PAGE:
Epigenetic convergence in the rising tide of opioid overdose deaths

Updated: May 25



The U.S. Opioid Epidemic is one of the biggest public health threats of this era with nearly 50,000 people dying from Opioid involved overdoses only in the U.S. in 2019. It has an estimated economic burden of $78.5 billion a year including the costs of healthcare, lost productivity, addiction treatment, and criminal justice involvement alone in the U.S. Although the U.S. Department of Health and Human Services declared this as a public health emergency in 2017, newer and innovative approaches including the genomic approaches are highly warranted to combat this epidemic and reverse the course.


In an eloquent study, scientists explored the regions of human genome in neurons comparing control subjects to the ones who died of opioid overdoses. Despite being ethically controversial and challenging to attribute causality from these findings, they discovered three potential primary correlative findings highlighting the routes of potential innovation for the healthcare management of the opioid crisis.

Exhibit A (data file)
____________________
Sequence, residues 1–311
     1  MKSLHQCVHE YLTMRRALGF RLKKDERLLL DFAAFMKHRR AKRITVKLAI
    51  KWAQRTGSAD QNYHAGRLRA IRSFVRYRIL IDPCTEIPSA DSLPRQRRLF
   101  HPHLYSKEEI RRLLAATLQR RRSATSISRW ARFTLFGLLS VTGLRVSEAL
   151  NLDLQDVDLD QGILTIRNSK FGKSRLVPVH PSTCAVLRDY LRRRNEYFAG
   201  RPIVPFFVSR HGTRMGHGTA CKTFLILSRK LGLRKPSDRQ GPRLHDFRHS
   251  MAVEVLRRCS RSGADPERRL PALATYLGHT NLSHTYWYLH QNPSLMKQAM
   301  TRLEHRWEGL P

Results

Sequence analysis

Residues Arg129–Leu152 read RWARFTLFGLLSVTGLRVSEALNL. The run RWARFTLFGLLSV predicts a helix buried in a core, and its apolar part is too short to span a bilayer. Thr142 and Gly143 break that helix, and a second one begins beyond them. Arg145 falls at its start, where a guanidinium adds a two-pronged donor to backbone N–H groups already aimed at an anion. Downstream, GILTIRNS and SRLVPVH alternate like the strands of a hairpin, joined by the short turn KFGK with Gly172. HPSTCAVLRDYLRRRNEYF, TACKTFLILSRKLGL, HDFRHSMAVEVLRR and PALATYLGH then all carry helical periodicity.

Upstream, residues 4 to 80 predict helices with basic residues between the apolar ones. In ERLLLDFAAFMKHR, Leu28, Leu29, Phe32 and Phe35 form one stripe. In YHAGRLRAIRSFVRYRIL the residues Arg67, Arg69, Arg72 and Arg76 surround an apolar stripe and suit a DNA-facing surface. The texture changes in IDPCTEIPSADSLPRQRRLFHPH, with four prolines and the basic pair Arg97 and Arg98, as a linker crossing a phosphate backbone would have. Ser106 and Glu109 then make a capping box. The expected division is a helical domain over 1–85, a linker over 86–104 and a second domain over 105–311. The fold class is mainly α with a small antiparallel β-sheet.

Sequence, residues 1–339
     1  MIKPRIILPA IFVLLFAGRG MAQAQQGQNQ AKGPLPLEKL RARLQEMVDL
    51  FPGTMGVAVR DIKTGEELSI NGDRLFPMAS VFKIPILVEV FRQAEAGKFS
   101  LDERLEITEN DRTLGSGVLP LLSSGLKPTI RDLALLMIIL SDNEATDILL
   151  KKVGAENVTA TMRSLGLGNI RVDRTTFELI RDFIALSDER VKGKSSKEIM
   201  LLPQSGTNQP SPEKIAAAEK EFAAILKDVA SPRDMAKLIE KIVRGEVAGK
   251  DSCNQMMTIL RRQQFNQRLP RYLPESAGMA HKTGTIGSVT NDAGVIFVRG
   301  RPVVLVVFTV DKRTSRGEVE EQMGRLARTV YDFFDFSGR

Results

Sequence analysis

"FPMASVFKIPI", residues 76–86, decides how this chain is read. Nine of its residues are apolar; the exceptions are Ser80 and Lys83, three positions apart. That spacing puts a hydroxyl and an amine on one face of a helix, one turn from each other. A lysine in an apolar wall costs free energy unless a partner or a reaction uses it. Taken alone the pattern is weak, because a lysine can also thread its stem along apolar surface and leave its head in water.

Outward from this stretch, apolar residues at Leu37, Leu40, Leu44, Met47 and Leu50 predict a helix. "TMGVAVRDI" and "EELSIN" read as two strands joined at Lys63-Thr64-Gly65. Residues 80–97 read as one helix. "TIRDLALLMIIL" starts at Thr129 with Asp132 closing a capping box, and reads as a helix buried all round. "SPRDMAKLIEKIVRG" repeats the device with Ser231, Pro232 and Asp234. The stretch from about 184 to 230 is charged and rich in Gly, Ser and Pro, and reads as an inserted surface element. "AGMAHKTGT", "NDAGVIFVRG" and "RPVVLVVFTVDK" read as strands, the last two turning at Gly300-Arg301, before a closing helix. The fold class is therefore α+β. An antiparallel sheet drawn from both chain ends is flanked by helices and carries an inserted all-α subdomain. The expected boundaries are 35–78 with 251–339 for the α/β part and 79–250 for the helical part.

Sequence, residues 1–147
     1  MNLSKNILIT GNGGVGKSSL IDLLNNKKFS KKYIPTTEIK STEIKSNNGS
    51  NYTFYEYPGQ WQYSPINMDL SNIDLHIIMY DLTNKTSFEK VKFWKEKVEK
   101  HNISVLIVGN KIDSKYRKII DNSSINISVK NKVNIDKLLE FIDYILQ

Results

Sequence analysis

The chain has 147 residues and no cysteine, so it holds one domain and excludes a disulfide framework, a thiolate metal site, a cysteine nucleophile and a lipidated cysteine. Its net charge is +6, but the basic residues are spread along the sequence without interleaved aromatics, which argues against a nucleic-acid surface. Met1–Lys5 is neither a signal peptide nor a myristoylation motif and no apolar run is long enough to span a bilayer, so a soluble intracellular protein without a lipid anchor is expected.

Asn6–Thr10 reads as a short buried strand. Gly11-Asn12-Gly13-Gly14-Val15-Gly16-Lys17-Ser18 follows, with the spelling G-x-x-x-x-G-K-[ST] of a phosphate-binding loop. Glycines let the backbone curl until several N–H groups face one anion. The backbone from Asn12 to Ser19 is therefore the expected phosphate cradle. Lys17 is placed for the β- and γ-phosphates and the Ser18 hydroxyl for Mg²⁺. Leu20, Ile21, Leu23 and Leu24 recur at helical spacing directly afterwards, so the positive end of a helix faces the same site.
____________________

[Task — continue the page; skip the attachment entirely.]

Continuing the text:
Fig. 1. COVID-19 deaths

Fig. 2: Opioids overdose deaths.


While we wait on further investigations, these findings carry a huge potential in curbing the serious national crisis of misuse of and addiction to opioids, including prescription pain relievers, heroin, and synthetic opioids such as fentanyl.


The complex detection technologies were developed under the strict guidelines of NYS DOH.


Acutis Diagnostics offers the services for the detection of pain relievers, heroin, and synthetic opioids such as fentanyl.


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